A Community of Exceptional Nurses
Clarke EB - J Crit Care - 01-JUN-2004; 19(2): 108-17
From NIH/NLM MEDLINE
NLM Citation ID:
Full Source Title:
Journal of Critical Care
Department of Critical Care Medicine, Brown University, Rhode Island Hospital, Providence,
Clarke EB; Luce JM; Curtis JR; Danis M; Levy M; Nelson J; Solomon MZ
Robert Wood Johnson Foundation Critical Care End-of-Life Peer Workgroup
OBJECTIVE: The purpose of this study was to determine the extent to which data entry
forms, guidelines, and other materials used for documentation in intensive care
units (ICUs) attend to 6 key end-of-life care (EOLC) domains: 1) patient and family-centered
decision making, 2) communication, 3) continuity of care, 4) emotional and practical
support, 5) symptom management and comfort care, and 6) spiritual support. A second
purpose was to determine how these materials might be modified to include more EOLC
content and used to trigger clinical behaviors that might improve the quality of
EOLC. PARTICIPANTS: Fifteen adult ICUs-8 medical, 2 surgical, and 4 mixed ICUs from
the United States, and 1 mixed ICU in Canada, all affiliated with the Critical Care
End-of-Life Peer Workgroup METHODS: Physician-nurse teams in each ICU received detailed
checklists to facilitate and standardize collection of requested documentation materials.
Content analysis was performed on the collected documents, aimed at characterizing
the types of materials in use and the extent to which EOLC content was incorporated.
MEASUREMENTS AND MAIN RESULTS: The domain of symptom management and comfort care
was integrated most consistently on forms and other materials across the 15 ICUs,
particularly pain assessment and management. The 5 other EOLC domains of patient
and family centered decision-making, communication, emotional and practical support,
continuity of care, and spiritual support were not well-represented on documentation.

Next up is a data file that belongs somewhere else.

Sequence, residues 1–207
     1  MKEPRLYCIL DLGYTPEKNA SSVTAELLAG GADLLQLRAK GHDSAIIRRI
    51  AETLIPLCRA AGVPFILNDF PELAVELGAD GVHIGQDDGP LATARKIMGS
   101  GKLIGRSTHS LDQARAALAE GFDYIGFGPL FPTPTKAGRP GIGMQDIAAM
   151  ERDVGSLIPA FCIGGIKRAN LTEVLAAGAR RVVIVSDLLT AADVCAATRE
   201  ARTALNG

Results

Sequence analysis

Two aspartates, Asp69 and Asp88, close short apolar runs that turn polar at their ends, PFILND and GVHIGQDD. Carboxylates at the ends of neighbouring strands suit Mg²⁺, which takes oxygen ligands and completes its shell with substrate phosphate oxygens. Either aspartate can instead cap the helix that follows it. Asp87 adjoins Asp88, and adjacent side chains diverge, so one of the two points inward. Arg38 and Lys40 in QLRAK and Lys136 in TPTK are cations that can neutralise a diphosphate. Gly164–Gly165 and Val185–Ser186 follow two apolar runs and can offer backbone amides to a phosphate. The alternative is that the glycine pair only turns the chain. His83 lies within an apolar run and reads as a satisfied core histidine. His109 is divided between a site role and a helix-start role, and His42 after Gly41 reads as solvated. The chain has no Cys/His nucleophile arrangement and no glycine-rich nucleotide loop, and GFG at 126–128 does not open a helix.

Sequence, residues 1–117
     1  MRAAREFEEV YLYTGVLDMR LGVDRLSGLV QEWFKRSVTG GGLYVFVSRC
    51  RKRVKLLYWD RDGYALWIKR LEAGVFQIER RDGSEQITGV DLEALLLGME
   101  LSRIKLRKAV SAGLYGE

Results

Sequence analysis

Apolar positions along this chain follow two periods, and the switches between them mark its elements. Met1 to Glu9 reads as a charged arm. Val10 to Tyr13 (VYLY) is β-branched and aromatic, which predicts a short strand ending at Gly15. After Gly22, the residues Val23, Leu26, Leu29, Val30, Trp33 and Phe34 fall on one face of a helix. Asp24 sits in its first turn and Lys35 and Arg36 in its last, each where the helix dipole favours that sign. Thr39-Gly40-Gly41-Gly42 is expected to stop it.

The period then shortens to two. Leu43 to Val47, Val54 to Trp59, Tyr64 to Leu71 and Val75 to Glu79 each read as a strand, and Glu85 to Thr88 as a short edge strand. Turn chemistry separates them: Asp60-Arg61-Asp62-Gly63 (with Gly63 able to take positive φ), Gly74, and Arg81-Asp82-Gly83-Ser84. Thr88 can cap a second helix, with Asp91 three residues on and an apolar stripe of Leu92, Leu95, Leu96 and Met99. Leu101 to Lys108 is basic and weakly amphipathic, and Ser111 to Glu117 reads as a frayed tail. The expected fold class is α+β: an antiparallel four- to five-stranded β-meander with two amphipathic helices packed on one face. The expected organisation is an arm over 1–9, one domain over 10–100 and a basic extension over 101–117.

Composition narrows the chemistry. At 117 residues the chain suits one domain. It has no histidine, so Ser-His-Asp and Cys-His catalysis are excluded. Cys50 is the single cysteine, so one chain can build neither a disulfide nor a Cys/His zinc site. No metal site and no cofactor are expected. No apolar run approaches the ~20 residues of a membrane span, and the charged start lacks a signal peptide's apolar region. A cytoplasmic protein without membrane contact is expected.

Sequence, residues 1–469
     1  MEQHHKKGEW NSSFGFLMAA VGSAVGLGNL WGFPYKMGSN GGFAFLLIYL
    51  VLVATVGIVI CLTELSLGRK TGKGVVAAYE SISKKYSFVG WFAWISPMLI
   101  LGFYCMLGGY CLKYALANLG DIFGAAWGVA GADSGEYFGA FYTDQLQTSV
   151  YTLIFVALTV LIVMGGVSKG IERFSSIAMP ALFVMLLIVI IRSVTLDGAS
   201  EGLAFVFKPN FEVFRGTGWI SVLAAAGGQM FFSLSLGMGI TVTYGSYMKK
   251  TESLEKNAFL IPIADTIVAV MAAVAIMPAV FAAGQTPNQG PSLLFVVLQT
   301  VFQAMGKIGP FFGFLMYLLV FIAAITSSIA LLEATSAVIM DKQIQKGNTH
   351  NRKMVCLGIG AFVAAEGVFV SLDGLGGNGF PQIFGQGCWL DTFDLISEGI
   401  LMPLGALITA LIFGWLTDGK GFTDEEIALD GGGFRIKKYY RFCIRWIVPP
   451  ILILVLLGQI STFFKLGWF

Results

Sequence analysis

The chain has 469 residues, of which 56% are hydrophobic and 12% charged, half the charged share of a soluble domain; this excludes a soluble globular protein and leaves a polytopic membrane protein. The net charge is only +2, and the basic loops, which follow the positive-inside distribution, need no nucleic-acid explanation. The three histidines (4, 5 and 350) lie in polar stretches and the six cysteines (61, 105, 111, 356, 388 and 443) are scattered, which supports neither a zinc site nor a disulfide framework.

None of the 15 ICUs supplied a comprehensive EOLC policy or EOLC critical pathway
that outlined an overall, interdisciplinary, sequenced approach for the care of
dying patients and their families. Nursing materials included more cues for attending
to EOLC domains and were more consistently preprinted and computerized than materials
used by physicians. Computerized forms concerning EOLC were uncommon. Across the
15 ICUs, there were opportunities to make EOLC- related materials more capable of
triggering and documenting specific EOLC clinical behaviors. CONCLUSIONS: Inclusion
of EOLC items on ICU formatted data entry forms and other materials capable of triggering
and documenting clinician behaviors is limited, particularly for physicians. Standardized
scales, protocols, and guidelines exist for many of the EOLC domains and should
be evaluated for possible use in ICUs. Whether such materials can improve EOLC has
yet to be determined.
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Promoting Excellence in End-of-Life Care was a national program of the Robert Wood Johnson Foundation
dedicated to long-term changes in health care institutions to substantially improve
care for dying people and their families.
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